It felt surreal to be in the Hearst building again after all that time. I was about 60 pounds heavier, two years older, and an entirely different woman. I rode the elevator up to the 25th floor, a move that immediately felt routine to me. I was ushered into a conference room and instructed to wait for my interviewer. I sat there, feeling right. Hoping to God this was it. Knowing deep down...it was.

One week after the interview, I got the call. I was on my way home from the gym. The editor had told me she'd call me, but I wasn't sure what that meant. The possibilities raced through my mind, but a second interview seemed most likely.

The phone began to ring as I was turning left onto Chapman, about five minutes from my apartment. 

"Hi Taylor, this is ______," the voice on the other end said. It was the editor who had interviewed me.

"Hi!" I said, too anxious to say much more without bursting into laughter or tears.

"So, I wanted to wait until _______ had a chance to jump on the call with us, because I really wanted her to meet you. But she trusts my judgment and the fact that you've worked here before is a huge plus," she must have said. It was something along those lines. Meanwhile, my mind was sprinting laps. I felt it coming. Sayitsayitsayitsayitsayitsayit, my brain was screaming.

"When is the soonest you'd be able to start?" she said, interrupting my thoughts. I almost dropped the phone.

"As soon as possible," I said instinctively, refusing to give up this once-in-a-lifetime chance. The rest I'd figure out later.

"I know you're still in California and need to figure things out. Moving is a big deal; I don't want you to race out here and not even have a place to stay. However, we do need someone as soon as possible. If you could make it here before May, that would be great."

I told her I'd be there in one week.

With this deadline set, I knew I had to hustle. No more being a Californian; I was going to be a New Yorker, and no one was going to make this happen but me.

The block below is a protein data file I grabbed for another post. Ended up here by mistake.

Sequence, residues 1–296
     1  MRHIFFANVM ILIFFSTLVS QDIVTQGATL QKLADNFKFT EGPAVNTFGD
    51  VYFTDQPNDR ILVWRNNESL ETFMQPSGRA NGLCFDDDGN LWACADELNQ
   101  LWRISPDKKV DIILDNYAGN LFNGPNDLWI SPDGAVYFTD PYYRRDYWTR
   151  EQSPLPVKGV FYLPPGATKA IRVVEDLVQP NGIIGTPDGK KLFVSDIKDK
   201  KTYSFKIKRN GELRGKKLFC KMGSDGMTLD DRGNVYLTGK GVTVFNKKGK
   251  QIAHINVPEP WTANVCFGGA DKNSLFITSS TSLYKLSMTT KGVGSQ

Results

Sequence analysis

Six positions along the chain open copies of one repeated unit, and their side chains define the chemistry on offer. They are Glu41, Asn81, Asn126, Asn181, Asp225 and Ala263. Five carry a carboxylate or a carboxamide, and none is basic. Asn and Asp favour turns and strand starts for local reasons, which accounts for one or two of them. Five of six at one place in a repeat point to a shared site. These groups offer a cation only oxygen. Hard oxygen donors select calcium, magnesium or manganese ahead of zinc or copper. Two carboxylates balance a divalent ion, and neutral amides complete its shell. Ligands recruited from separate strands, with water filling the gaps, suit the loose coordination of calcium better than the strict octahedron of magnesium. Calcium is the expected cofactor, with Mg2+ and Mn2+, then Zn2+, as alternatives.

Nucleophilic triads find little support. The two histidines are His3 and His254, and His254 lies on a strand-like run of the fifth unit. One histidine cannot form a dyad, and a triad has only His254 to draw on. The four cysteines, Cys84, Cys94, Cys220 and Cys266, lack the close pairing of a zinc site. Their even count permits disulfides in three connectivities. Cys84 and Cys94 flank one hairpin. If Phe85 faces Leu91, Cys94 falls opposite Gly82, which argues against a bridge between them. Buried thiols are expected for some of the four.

That week was perhaps one of the most stressful of my life. I didn't stop moving, not even for one second. I put in the one week's notice at work (which my boss was completely gracious and supportive about. Thank you forever, Carl Fillichio) and began frantically looking for someone to take my room over at my apartment before rent was due (which was in three days), someone to buy my car (which was crucial as I had to use that money to put down the deposit on my New York apartment), and a place to live in New York. 

I bought a plane ticket for the following Monday, cementing my decision. Not finding a renter and a buyer wasn't an option--I HAD to get this done. 

After showing my car and room to countless inquirers, I was able to sell my car to a former coworker and lifelong friend and rent my room to someone I went to high school with. I found an apartment in Brooklyn with a few roommates, one of whom has two cats (which is very exciting for me). I'm still not sure how, but I did it. Everything worked out perfectly.

I said goodbye to as many people as I could. I was thrilled to leave California and to start my life, but quite heartbroken to leave certain people. However, I knew it was time to do this.

An emotional car ride with the best friends I have ever had brought me to LAX with my one-way ticket and my big red suitcase. I said goodbye, and I don't know if I will ever get the image of Millie's face right before I turned away out of my mind, but I had to go. 

I boarded the plane with a giant coat Millie had given me and an edible to ensure I wouldn't be conscious. Six hours later, I awoke to my future. 

More on my first week as a RESIDENT of New York later. Until next time...

Taylor